United World Project


Justice and human rights

8 May 2020   |   , ,
By Antonio Amato

Italian penitentiary expert Antonio Amato sent us this letter. Working in Social Services at Bologna Probation Office, Dr Amato has, for the past twenty years, specialized in community service penalties as an alternative to jail sentences. He retired just a few weeks ago. At first glance, his letter may read like a condemnation of the Italian prison system. However, there is much more to it than this. He argues for an awakening to acknowledge an open wound in our society. He extends a request to young people, but ideally to all, to develop the sensitivity to take on board this tragic situation which touches so many throughout the world. This too can be #Intimeforpeace.

My name is Antonio Amato (…), I would like to try to tell you something about the issue of justice and human rights, drawing on my professional experience of over 40 years’ service.

A premise

Socrates defined justice as “a thing more precious than gold” but also the most elusive of ideals. Whereas Gustavo Zagrebelsky[1]  called it an “obscure word”. But, he continued, given that all the big questions about life are expressed with words which are anything but clear and unambiguous, we can only limit ourselves to brief considerations and small thoughts …

The implementation of sentencing in Italy

 We cannot talk about the implementation of sentencing and imprisonment (in Italy) without referring to Article 27 of the Italian Constitution, which declares that “punishment cannot consist in any treatment contrary to a sense of humanity and must tend towards re-education”. The re-educational purpose of punishment must be adequately reflected in all legislation. But how many and who are the people detained in Italy’s 189 prisons? And how does the Italian penitentiary system, already condemned by the European Court of Human Rights for its inhuman and degrading treatment of prisoners (in overcrowding apart from anything else), match up to the intention and aim of sentencing and punishment as presented in the Constitution? Is it capable of delivering on human rights such as maintaining relationships with the outside world, the right to work, to good health, to instruction, to the sphere of religion, to political rights?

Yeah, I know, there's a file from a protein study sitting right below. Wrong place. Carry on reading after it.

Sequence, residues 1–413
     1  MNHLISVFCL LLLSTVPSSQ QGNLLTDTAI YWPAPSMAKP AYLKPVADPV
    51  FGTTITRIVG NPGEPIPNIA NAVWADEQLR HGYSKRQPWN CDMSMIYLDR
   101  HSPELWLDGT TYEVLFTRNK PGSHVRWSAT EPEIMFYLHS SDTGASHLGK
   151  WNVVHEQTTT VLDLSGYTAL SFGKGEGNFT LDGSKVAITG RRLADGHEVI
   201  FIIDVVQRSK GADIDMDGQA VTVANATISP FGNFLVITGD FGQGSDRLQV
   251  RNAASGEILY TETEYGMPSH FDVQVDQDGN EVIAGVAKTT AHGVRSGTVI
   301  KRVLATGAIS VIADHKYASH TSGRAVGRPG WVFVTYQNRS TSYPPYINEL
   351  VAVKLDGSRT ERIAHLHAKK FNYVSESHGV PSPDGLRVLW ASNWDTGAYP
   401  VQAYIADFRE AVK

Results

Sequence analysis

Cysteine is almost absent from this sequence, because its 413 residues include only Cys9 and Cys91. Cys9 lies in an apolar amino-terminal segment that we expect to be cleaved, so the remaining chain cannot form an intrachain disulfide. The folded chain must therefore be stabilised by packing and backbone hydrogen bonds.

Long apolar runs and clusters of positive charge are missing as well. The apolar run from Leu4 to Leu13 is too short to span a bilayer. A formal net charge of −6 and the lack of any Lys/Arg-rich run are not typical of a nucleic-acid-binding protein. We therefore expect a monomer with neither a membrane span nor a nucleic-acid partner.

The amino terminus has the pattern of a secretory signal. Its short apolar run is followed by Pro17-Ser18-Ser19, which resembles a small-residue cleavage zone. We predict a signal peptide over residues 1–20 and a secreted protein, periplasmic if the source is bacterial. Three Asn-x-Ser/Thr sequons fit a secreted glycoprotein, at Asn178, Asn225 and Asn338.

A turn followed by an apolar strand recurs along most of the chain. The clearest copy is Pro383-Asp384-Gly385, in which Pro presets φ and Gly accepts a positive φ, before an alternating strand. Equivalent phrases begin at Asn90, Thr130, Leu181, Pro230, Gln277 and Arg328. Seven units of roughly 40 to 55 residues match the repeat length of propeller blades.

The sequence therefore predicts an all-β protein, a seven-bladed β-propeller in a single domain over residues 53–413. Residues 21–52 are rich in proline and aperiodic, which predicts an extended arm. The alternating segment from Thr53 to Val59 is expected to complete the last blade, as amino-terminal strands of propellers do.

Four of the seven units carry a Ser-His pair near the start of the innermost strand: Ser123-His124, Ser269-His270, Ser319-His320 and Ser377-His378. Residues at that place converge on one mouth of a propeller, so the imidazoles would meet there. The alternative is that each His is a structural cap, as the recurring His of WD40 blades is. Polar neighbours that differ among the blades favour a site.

People in prison

The vast majority of those convicted by courts in Italy, as in other countries particularly the United States, come from an experience of some form of fragility or special needs: drug dependency, psychiatric illness, immigration, people with modest financial, social and cultural resources, with barriers to employment, or with problems in affectivity and relationships. Only a small percentage of prisoners have actually made a conscious choice of a criminal lifestyle, those who belong to the world of “organized crime”.

When they arrive in our offices at the end of their sentence or transferred as part of an alternative measure to imprisonment, these people present with difficulties in autonomy, self-determination, communication and relating to others, at different levels. They demonstrate a very low tolerance threshold when faced with the frustrations of life, which makes it extremely difficult for them to handle normal activities like working, mixing with other people or even holding a simple conversation.